A significant part of Jon’s research has involved testing sports equipment and evaluating athlete performance. Few standardised test protocols exist in the sports equipment industry and those that do are often limited. As a result, new methodologies have had to be developed often requiring bespoke test rigs or devices.

Jon’s research has often required the development of suitable experimental methods to characterise the physical properties or the dynamic behaviour of equipment used in sport, which can then be correlated with players’ perceptions. Further test methods have been required to quantify the biomechanics of the athlete when using the equipment and their subsequent performance, which can be linked to equipment design and customisation.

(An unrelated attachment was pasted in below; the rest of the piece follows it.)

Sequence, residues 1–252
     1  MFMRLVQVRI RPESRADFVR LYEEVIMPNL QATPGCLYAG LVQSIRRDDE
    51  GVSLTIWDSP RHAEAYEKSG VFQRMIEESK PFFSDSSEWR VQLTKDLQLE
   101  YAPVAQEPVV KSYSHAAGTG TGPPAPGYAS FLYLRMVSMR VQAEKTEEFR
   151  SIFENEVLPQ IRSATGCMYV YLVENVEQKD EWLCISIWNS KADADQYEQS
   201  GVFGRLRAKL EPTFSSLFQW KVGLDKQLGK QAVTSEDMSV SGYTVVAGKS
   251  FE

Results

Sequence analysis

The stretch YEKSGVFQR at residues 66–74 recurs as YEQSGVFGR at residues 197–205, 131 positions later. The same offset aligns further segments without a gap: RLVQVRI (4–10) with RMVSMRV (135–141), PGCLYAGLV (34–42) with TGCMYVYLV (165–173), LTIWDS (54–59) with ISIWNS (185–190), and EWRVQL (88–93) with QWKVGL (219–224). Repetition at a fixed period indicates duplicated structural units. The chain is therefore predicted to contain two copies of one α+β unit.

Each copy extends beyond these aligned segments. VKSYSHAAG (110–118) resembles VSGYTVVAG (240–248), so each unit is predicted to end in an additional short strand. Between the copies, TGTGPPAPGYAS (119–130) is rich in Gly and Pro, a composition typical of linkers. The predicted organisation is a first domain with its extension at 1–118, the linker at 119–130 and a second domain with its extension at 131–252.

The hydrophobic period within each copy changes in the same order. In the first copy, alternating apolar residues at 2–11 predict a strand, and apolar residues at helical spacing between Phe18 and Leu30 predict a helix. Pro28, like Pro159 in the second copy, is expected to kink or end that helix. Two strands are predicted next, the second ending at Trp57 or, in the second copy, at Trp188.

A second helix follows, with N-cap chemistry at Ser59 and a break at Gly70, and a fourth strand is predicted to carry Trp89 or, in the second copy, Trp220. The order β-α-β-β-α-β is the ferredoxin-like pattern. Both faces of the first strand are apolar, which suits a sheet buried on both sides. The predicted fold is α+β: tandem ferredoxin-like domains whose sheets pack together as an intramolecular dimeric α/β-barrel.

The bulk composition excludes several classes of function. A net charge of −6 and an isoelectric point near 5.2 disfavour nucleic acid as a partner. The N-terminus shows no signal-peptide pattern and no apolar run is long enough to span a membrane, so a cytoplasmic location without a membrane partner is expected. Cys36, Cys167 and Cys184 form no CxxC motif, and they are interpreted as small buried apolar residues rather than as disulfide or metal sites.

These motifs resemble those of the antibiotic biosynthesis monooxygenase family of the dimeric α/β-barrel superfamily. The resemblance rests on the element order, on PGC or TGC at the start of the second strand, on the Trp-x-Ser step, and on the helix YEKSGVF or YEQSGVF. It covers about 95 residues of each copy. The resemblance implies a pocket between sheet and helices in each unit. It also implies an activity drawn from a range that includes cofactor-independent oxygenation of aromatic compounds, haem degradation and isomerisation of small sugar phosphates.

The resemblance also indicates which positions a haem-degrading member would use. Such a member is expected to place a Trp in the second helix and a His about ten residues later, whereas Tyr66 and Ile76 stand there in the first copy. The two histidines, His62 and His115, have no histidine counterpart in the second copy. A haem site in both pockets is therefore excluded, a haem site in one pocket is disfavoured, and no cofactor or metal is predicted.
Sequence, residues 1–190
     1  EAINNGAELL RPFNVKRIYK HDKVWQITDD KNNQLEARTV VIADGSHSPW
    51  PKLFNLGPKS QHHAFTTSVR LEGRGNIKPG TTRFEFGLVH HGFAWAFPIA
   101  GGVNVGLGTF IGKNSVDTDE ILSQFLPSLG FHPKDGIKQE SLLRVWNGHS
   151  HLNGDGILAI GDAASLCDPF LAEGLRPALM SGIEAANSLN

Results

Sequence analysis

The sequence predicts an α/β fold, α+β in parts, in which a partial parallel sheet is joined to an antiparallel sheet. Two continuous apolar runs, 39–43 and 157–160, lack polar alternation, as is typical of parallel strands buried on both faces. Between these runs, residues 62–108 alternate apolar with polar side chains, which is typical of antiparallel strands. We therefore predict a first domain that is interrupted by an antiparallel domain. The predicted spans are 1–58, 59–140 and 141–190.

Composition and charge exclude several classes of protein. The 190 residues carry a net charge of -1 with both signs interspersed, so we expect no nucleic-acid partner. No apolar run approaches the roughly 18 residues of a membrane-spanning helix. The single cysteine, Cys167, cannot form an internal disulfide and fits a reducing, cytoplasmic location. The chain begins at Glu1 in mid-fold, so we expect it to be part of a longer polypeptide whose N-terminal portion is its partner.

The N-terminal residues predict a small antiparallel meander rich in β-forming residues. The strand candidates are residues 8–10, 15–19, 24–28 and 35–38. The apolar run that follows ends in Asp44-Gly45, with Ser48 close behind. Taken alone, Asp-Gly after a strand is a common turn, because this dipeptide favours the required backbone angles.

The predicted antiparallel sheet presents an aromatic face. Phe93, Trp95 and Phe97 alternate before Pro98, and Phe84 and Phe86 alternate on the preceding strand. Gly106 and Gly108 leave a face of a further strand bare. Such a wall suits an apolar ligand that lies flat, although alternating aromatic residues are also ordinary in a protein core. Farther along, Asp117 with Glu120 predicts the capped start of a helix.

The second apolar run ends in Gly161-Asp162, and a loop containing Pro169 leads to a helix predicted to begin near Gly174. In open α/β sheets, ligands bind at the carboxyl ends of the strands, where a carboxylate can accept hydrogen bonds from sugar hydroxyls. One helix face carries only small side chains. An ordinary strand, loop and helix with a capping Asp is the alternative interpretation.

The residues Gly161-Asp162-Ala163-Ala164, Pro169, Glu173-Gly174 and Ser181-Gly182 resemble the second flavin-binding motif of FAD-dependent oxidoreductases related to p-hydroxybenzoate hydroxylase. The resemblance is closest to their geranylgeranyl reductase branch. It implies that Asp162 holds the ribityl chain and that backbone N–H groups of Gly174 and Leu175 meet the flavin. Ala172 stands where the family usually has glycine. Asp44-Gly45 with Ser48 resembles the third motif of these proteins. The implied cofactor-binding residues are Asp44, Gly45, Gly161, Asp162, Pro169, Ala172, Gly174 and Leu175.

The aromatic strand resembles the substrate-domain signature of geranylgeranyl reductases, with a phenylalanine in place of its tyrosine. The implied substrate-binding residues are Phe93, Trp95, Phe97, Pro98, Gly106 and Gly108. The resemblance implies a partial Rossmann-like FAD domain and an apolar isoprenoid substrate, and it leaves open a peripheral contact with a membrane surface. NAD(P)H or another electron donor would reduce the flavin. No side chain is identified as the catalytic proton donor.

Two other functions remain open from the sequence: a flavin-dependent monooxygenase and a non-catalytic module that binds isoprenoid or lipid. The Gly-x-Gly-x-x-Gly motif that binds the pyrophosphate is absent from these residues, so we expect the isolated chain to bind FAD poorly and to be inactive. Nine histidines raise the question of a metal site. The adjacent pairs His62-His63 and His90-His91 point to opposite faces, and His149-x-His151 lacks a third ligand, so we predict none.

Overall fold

The laboratories at the Sports Technology Institute contain a range of devices for testing sports equipment such as ball cannons and robotic simulators. Testing equipment under controlled laboratory conditions using highly repeatable methods overcomes some of the limitations of player testing, however, the results are only useful if they are representative of real world usage. Jon’s research has therefore focused on the development of more ‘biofidelic’ test devices.